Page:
Types of Questions on ACT English Test

The ACT English test is designed to measure your ability to accomplish the wide variety of decisions involved in revising and editing a given piece of writing. An important part of revision and editing decisions is a good understanding of the conventions of standard written English.

You may not always use standard written English in casual writing (for instance, when you are e-mailing a friend) or in conversation. In casual writing or conversation, we often use slang expressions that have special meanings. 

Questions on the English test include the following:

  1. Usage or Mechanics: punctuation, grammar and usage, sentence structure
  2. Rhetorical Skills: writing strategy, organization, style

You will not be tested on spelling, vocabulary, or on rote recall of the rules of grammar. Grammar and usage are tested only within the context of the essay. Likewise, you won’t be tested directly on your vocabulary, although the better your vocabulary is, the better equipped you’ll be to comprehend the reading passages and answer questions that involve choosing the most appropriate word.

English Usage, Grammar and Punctuation

Usage or mechanics questions focus on the conventions of punctuation, grammar and usage, and sentence structure and formation.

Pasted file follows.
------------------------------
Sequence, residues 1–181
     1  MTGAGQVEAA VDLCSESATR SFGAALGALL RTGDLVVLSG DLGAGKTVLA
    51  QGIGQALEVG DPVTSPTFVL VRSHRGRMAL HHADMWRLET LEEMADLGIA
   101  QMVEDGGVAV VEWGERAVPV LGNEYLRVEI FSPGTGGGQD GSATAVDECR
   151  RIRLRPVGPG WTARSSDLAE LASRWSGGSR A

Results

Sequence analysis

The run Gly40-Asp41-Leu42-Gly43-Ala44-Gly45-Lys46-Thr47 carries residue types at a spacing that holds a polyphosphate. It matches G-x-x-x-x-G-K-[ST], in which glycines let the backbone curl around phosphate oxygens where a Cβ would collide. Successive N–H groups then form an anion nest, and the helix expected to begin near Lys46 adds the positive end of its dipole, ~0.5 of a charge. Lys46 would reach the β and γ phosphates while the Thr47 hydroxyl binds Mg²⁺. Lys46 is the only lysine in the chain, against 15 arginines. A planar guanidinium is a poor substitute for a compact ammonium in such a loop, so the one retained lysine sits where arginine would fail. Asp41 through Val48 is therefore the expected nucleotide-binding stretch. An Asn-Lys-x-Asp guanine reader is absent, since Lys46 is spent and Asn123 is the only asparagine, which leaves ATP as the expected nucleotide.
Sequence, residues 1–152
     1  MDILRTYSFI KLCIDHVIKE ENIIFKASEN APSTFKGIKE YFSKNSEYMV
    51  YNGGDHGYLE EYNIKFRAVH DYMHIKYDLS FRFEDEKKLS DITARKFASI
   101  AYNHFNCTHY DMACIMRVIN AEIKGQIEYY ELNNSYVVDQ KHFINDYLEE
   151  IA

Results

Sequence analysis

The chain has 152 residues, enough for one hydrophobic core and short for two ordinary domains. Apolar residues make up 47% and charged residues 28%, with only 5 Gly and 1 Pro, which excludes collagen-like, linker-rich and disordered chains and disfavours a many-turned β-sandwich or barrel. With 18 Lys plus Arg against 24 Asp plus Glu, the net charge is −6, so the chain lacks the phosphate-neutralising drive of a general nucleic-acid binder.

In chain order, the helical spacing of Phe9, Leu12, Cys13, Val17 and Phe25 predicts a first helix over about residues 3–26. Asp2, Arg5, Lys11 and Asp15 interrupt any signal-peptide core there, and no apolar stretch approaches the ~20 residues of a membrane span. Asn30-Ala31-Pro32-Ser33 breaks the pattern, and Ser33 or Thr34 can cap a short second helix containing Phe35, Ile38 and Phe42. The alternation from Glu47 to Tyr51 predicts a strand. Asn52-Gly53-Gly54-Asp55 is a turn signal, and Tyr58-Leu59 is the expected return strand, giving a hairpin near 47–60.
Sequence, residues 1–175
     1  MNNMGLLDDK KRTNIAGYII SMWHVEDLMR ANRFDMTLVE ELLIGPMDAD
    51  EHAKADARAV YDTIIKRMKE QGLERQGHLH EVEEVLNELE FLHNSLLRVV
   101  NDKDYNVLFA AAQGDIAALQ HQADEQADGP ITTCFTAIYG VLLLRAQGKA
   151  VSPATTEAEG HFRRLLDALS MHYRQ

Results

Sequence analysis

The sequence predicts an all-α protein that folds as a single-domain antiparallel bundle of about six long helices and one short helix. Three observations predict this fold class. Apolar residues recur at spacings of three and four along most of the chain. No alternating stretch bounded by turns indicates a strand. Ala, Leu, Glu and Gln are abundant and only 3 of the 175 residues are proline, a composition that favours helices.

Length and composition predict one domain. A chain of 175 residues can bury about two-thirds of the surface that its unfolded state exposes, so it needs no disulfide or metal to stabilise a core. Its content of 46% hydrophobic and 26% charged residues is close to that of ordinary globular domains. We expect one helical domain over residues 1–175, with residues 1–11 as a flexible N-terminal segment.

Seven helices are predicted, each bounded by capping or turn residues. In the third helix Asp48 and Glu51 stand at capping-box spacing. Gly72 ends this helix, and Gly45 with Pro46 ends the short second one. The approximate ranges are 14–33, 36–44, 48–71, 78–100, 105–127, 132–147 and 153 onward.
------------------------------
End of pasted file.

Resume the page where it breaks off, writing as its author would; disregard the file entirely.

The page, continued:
Punctuation questions involve identifying and correcting the following misplaced, missing, or unnecessary punctuation marks:

  • Commas
  • Apostrophes
  • Colons, semicolons, and dashes
  • Periods, question marks, and exclamation points

These questions address not only the rules of punctuation but also the use of punctuation to express ideas clearly. For example, you should be prepared to show how punctuation can be used to indicate possession or to set off a parenthetical element.

In many punctuation questions, the words in every choice will be identical, but the commas or other punctuation will vary. It is important to read the choices carefully in order to notice the presence or absence of commas, semicolons, colons, periods, and other punctuation.

Grammar and usage questions involve choosing the best word or words in a sentence based on grammar and usage conventions.

Sentence structure questions involve the effective formation of sentences, including dealing with relationships between and among clauses, placement of modifiers, and shifts in construction. Many questions about sentence structure and formation will ask you about how clauses and phrases are linked. This means that you may have to consider punctuation or the lack of punctuation, which can create problems such as comma splices, run-on sentences, or sentence fragments.

Conventions of Standard English Grammar, Usage, and Punctuation questions test knowledge and skills such as the following:

  • Determine the need for punctuation or conjunctions to join clauses or to correct awkward-sounding fragments, fused sentences, and faulty subordination and coordination of clauses
  • Recognize and correct inappropriate shifts in verb tense